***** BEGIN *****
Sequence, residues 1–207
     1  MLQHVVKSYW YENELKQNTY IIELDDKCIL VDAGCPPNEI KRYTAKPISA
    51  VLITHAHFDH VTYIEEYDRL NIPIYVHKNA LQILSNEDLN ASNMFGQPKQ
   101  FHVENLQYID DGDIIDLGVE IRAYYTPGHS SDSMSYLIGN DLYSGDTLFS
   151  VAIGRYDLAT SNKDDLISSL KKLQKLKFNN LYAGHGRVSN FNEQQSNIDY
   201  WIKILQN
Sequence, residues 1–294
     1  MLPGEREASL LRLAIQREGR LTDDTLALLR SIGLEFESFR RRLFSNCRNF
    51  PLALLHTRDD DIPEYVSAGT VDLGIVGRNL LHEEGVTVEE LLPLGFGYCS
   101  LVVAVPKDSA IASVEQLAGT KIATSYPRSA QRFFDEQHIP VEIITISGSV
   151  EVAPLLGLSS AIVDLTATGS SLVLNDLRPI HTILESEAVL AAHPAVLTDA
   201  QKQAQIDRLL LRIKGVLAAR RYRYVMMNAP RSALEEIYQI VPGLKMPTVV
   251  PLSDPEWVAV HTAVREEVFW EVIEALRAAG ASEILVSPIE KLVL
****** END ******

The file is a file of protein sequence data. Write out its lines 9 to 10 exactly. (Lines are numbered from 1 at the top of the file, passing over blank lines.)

    51  PLALLHTRDD DIPEYVSAGT VDLGIVGRNL LHEEGVTVEE LLPLGFGYCS
   101  LVVAVPKDSA IASVEQLAGT KIATSYPRSA QRFFDEQHIP VEIITISGSV